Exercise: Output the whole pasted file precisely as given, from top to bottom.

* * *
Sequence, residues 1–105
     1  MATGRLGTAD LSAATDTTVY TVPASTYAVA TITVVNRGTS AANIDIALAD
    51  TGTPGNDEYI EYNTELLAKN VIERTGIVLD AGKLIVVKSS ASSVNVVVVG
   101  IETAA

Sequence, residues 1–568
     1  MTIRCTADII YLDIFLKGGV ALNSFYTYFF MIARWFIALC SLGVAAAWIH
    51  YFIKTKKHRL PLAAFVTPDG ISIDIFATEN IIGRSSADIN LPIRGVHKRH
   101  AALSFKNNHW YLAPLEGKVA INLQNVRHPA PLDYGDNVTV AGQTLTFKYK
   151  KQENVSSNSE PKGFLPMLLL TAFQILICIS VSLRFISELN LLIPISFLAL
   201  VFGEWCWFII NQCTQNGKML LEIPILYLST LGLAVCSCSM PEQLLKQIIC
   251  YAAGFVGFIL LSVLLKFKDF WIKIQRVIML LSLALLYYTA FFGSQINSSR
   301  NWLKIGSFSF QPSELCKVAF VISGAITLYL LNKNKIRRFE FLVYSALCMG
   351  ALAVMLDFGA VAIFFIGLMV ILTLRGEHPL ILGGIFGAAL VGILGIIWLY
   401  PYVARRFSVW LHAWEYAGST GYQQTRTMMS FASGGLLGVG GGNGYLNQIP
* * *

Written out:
Sequence, residues 1–105
     1  MATGRLGTAD LSAATDTTVY TVPASTYAVA TITVVNRGTS AANIDIALAD
    51  TGTPGNDEYI EYNTELLAKN VIERTGIVLD AGKLIVVKSS ASSVNVVVVG
   101  IETAA

Sequence, residues 1–568
     1  MTIRCTADII YLDIFLKGGV ALNSFYTYFF MIARWFIALC SLGVAAAWIH
    51  YFIKTKKHRL PLAAFVTPDG ISIDIFATEN IIGRSSADIN LPIRGVHKRH
   101  AALSFKNNHW YLAPLEGKVA INLQNVRHPA PLDYGDNVTV AGQTLTFKYK
   151  KQENVSSNSE PKGFLPMLLL TAFQILICIS VSLRFISELN LLIPISFLAL
   201  VFGEWCWFII NQCTQNGKML LEIPILYLST LGLAVCSCSM PEQLLKQIIC
   251  YAAGFVGFIL LSVLLKFKDF WIKIQRVIML LSLALLYYTA FFGSQINSSR
   301  NWLKIGSFSF QPSELCKVAF VISGAITLYL LNKNKIRRFE FLVYSALCMG
   351  ALAVMLDFGA VAIFFIGLMV ILTLRGEHPL ILGGIFGAAL VGILGIIWLY
   401  PYVARRFSVW LHAWEYAGST GYQQTRTMMS FASGGLLGVG GGNGYLNQIP